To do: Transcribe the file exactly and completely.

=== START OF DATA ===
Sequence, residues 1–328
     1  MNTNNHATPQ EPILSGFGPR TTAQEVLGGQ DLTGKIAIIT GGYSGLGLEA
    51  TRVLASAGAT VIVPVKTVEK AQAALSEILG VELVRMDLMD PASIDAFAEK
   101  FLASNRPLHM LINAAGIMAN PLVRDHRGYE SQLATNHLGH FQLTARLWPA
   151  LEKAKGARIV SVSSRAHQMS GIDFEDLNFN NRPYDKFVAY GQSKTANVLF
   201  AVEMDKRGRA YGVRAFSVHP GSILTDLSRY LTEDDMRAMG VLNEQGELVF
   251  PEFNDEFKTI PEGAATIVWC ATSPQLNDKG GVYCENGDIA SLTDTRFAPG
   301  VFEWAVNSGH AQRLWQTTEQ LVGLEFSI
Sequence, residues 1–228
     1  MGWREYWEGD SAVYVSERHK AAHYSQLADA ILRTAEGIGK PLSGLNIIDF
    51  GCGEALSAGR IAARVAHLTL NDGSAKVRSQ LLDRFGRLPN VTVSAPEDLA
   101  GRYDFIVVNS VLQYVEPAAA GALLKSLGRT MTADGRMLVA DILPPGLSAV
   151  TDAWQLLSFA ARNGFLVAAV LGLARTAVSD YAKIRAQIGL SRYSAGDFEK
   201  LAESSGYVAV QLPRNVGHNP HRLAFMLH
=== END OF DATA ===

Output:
Sequence, residues 1–328
     1  MNTNNHATPQ EPILSGFGPR TTAQEVLGGQ DLTGKIAIIT GGYSGLGLEA
    51  TRVLASAGAT VIVPVKTVEK AQAALSEILG VELVRMDLMD PASIDAFAEK
   101  FLASNRPLHM LINAAGIMAN PLVRDHRGYE SQLATNHLGH FQLTARLWPA
   151  LEKAKGARIV SVSSRAHQMS GIDFEDLNFN NRPYDKFVAY GQSKTANVLF
   201  AVEMDKRGRA YGVRAFSVHP GSILTDLSRY LTEDDMRAMG VLNEQGELVF
   251  PEFNDEFKTI PEGAATIVWC ATSPQLNDKG GVYCENGDIA SLTDTRFAPG
   301  VFEWAVNSGH AQRLWQTTEQ LVGLEFSI
Sequence, residues 1–228
     1  MGWREYWEGD SAVYVSERHK AAHYSQLADA ILRTAEGIGK PLSGLNIIDF
    51  GCGEALSAGR IAARVAHLTL NDGSAKVRSQ LLDRFGRLPN VTVSAPEDLA
   101  GRYDFIVVNS VLQYVEPAAA GALLKSLGRT MTADGRMLVA DILPPGLSAV
   151  TDAWQLLSFA ARNGFLVAAV LGLARTAVSD YAKIRAQIGL SRYSAGDFEK
   201  LAESSGYVAV QLPRNVGHNP HRLAFMLH